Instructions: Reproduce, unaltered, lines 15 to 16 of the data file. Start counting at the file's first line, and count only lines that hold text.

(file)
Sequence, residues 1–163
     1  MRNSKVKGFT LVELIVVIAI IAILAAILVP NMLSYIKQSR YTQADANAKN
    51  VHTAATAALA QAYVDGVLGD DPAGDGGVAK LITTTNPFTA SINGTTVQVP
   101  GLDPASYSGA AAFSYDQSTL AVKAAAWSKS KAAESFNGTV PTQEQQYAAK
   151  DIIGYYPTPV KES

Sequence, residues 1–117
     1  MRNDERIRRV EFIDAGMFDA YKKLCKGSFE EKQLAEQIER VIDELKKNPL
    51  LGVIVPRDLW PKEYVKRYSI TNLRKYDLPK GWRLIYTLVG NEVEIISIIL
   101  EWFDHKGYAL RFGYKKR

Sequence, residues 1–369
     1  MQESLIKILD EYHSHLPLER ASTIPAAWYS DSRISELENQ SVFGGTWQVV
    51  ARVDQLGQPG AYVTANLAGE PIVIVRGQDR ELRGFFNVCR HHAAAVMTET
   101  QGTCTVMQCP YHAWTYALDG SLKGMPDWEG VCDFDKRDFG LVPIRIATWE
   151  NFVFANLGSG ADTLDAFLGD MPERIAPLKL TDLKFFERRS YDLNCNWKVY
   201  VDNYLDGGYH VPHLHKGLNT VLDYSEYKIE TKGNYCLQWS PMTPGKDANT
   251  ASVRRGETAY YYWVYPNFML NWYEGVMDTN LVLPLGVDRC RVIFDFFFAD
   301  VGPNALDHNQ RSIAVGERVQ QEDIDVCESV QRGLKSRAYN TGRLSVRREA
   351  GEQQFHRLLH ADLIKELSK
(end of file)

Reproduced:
   201  VDNYLDGGYH VPHLHKGLNT VLDYSEYKIE TKGNYCLQWS PMTPGKDANT
   251  ASVRRGETAY YYWVYPNFML NWYEGVMDTN LVLPLGVDRC RVIFDFFFAD